Job 28:16
Parallel Verses
English Standard Version
It cannot be valued in the gold of Ophir, in precious onyx or sapphire.

King James Bible
It cannot be valued with the gold of Ophir, with the precious onyx, or the sapphire.

American Standard Version
It cannot be valued with the gold of Ophir, With the precious onyx, or the sapphire.

Douay-Rheims Bible
It shall not be compared with the dyed colours of India, or with the most precious stone sardonyx, or the sapphire.

English Revised Version
It cannot be valued with the gold of Ophir, with the precious onyx, or the sapphire.

Webster's Bible Translation
It cannot be valued with the gold of Ophir, with the precious onyx, or the sapphire.

Job 28:16 Parallel
Commentary
Keil and Delitzsch Biblical Commentary on the Old Testament

9 He layeth his hand upon the pebbles;

He turneth up the mountains from the root.

10 He cutteth canals through the rocks;

And his eye seeth all kinds of precious things.

11 That they may not leak, he dammeth up rivers;

And that which is hidden he bringeth to light.

12 But wisdom, whence is it obtained?

And where is the place of understanding?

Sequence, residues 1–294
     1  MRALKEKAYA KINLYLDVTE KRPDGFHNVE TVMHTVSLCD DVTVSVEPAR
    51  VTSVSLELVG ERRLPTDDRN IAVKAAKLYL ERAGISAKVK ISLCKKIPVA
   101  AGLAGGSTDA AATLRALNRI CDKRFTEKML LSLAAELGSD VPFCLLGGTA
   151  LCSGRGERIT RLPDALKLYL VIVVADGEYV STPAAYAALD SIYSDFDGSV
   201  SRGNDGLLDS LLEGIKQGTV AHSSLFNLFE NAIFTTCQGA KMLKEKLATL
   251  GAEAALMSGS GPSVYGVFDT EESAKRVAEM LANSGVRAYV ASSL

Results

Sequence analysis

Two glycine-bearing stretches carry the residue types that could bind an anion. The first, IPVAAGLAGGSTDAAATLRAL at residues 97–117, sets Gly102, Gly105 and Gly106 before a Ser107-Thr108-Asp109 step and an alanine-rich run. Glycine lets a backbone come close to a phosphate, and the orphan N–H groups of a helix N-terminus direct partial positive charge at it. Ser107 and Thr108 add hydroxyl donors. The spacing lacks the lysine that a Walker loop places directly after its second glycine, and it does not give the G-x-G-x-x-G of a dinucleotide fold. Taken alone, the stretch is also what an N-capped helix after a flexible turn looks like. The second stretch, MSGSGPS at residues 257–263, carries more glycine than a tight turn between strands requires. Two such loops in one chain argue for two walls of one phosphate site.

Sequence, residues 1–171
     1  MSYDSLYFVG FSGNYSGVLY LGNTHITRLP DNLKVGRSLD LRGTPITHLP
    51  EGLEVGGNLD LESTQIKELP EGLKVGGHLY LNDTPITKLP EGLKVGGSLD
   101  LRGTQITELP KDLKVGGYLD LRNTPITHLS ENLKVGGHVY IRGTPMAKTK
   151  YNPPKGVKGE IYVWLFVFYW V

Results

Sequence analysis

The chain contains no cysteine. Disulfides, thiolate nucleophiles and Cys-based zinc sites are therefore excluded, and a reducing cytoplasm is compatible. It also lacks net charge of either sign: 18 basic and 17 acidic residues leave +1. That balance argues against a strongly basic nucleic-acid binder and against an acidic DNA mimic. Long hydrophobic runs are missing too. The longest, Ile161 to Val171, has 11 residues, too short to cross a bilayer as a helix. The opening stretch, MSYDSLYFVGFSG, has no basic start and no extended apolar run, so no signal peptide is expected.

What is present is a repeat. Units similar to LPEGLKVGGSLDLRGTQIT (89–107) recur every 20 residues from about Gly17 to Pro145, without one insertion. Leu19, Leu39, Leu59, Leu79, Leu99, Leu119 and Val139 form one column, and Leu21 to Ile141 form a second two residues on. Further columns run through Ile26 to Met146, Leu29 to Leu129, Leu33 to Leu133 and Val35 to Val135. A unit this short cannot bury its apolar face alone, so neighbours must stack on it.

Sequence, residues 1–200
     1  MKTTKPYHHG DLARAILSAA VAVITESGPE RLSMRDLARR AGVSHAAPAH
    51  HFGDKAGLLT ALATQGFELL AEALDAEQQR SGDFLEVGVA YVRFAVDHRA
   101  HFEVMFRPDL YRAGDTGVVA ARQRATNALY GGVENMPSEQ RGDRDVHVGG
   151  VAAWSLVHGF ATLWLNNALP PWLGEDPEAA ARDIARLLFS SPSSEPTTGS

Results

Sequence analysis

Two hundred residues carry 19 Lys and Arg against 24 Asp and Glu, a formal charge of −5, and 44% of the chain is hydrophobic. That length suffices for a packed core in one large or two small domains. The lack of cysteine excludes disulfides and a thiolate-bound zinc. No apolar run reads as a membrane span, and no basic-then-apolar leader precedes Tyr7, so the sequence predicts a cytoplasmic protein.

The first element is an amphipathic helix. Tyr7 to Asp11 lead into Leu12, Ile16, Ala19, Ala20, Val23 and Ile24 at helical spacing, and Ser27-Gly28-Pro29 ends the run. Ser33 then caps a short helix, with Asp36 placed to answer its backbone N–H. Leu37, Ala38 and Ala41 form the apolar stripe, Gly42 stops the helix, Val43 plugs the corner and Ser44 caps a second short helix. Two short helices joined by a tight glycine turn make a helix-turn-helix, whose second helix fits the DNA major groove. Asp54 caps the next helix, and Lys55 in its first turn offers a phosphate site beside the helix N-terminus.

Beneath, whither no other being of the upper world penetrates, man puts his hand upon the quartz or rock. חלּמישׁ (perhaps from חלם, to be strong, firm: Arabic, with the reduplication resolved, chalnubûs, like עכּבישׁ, Arab. ‛ancabûth, vid., Jesurun, p. 229) signifies here the quartz, and in general the hard stone; שׁלח יד בּ something like our "to take in hand" of an undertaking requiring strong determination and courage, which here consists in blasting and clearing away the rock that contains no ore, as Pliny, h. n. xxxiii. 4, 21, describes it: Occursant ... silices; hos igne et aceto rumpunt, saepius vero, quoniam id cuniculos vapore et fumo strangulat, caedunt fractariis CL libras ferri habentibus egeruntque umeris noctibus ac diebus per tenebras proxumis tradentes; lucem novissimi cernunt. Further: he (man, devoted to mining) overturns (subvertit according to the primary signification of הפך, Arab. 'fk, 'ft, to turn, twist) mountains from the roots. The accentuation הפך with Rebia mugrasch, משׁרשׁ with Mercha, is false; it is, according to Codd. and old editions, to be accented הפך with Tarcha, משׁרשׁ with Munach, and to be translated accordingly: subvertit a radice montes (for Munach is the transformation of a Rebia mugrasch), not a radice montium. Blasting in mining which lays bare the roots (the lowest parts) of the mountains is intended, the conclusion of which - the signal for the flight of the workmen, and the effective crash - is so graphically described by Pliny in the passage cited above: Peracto opere cervices fornicum ab ultumo cadunt; dat signum ruina eamque solus intellegit in cacumine ejus montis vigil. Hic voce, nutu evocari jubet operas pariterque ipse devolat. Mons fractus cadit ab sese longe fragore qui concipi humana mente non possit eque efflatu incredibili spectant victores ruinam naturae.